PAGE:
Our thyroid gland is what controls our metabolism – it’s like the body’s thermostat. If it’s under-functioning (think: slow metabolism), we feel tired, cold, experience weight gain, low mood, constipation, hair loss and/or dry skin. If this sounds familiar, you’re not alone.
The CBC reported that thyroid disorders affect 1 in 3 Canadians, but 50% of cases go undiagnosed. In addition, women are seven times more likely to experience a thyroid disorder than men. In this article, I’m going to focus on lab testing and understanding how thyroid hormones impact the body.
Why are thyroid disorders under diagnosed? There are three big issues.
- Traditional lab testing only looks at what is called the TSH (see below for explanation of what that is…). The TSH provides only a fraction of the bigger thyroid picture, and often misses thyroid dysfunction when tested in isolation.
- The lab reference range for “normal” TSH has been long-disputed, with most cutting edge research supporting that a normal range should be narrowed from 0. ** to 0.5 – 3.0. A tighter reference range would result in more diagnoses, or in my opinion, at least capturing people who are trending toward hypothyroidism before they reach full disease.
- The most common complaints women experience when their thyroid are fatigue and weight gain. Unfortunately, many patients aren’t heard when they bring these up in their appointments, and they are just told to get more sleep and go on a diet.
What is included in a full thyroid panel?
1. TSH (the typical test) is a measure of how loudly your pituitary gland is screaming at your thyroid gland. The higher the number, the louder the screaming, indicating that your thyroid is under functioning. I think of this like a parent asking their child to do their homework. If the kid isn’t listening, the parent yells more loudly. If the kid is working on their own, the parent barely has to whisper to ask that they get their work done.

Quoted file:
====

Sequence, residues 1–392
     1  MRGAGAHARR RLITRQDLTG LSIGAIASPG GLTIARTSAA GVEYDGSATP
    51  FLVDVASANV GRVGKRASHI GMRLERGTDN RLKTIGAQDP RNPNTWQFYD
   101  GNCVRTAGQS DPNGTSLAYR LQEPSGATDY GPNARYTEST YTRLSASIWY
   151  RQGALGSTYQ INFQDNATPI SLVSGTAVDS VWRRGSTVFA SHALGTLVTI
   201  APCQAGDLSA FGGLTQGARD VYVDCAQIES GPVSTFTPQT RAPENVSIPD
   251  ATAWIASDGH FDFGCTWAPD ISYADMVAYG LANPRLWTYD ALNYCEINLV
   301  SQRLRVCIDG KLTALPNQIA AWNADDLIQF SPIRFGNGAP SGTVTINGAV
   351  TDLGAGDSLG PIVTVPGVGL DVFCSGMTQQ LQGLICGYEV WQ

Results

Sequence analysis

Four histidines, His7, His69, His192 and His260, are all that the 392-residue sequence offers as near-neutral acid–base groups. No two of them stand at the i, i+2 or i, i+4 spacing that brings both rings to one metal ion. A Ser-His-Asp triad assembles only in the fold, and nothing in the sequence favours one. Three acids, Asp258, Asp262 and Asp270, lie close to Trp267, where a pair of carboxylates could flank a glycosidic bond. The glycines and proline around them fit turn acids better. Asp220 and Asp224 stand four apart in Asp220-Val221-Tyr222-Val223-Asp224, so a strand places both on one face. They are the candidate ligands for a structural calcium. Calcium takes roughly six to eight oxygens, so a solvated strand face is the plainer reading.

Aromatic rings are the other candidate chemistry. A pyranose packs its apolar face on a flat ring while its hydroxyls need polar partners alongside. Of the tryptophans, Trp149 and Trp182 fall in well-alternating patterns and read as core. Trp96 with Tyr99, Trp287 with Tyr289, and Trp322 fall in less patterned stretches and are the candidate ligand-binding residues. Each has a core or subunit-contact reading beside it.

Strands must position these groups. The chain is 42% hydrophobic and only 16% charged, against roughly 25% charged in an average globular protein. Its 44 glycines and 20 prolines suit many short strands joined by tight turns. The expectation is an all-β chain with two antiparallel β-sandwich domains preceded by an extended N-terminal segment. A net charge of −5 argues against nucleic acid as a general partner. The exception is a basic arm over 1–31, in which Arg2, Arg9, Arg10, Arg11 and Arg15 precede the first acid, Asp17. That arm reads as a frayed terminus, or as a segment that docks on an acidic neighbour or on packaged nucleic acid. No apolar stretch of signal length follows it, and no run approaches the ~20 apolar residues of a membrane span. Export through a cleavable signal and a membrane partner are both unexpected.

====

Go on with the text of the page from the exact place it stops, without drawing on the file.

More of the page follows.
- High TSH = low thyroid function
- “Normal” range = 0.32 – 4.00 mIU/L
- Ideal range = 1.00-2.5m mIU/L
2. Free T4 (not typically tested) is a measure of what your thyroid gland is actually producing. Think of this as the homework that is actually being done. Usually, the parent understands if they need to motivate the child more/less, but sometimes the homework is incomplete without the parent realizing it. This lab test allows us to see if you’re experiencing a production issue from the thyroid itself.
- Low T4 = low production of thyroid hormone
- “Normal” range: 9-19 pmol/L
- Ideal range: 14-16 pmol/L
3. Free T3 (not typically tested) is our active thyroid hormone, which has been converted from T4 in the body. This one is tricky because it’s less stable than free T4, so it needs to be run together with T4. Think of this as the mark the child’s homework receives from their teacher. Since it’s a measure of conversion from T4 to T3, it allows us to see if it symptoms are due to a conversion issue.
- Low T3 = low metabolism
- “Normal” range = 2.6 – 5.8 pmol/L
- Ideal range: 4.5-5.5 pmol/L
4. Reverse T3 (rarely tested) is our inactive thyroid hormone. When the body is stressed, it converts some T4 into reverse T3 instead of active T3. This is your body’s way of slowing down your metabolism to give you a better chance of survival during a war or a famine. The trouble is, we don’t need rT3 to survive in Canada, and this is often a huge piece of the puzzle that is overlooked.
- High rT3 = low metabolism
- Normal range = 8 – 25 ng/dL
- Ideal range <13 (some say <10) ng/dL
5. Autoimmune markers (anti TPO, anti TG) can also be tested to see if the thyroid gland is being attacked by your immune system. This is called Hashimoto’s hypothyroidism, and it impacts the way we address your thyroid treatment and assess progress over time.
The bottom line
Overall, the thyroid cascade is a perfect example as to why we often need more in-depth lab testing to understand the bigger picture of what is happening in the body. When we understand the why we can target and treat the underlying cause, and often catch things at the start of decline before they progress to full disease.
Lastly, in some people who have already been diagnosed with hypothyroidism and are taking medication, full panel testing can also be helpful to optimize the efficacy of your medication in the body.
Book your appointment to address your thyroid heath.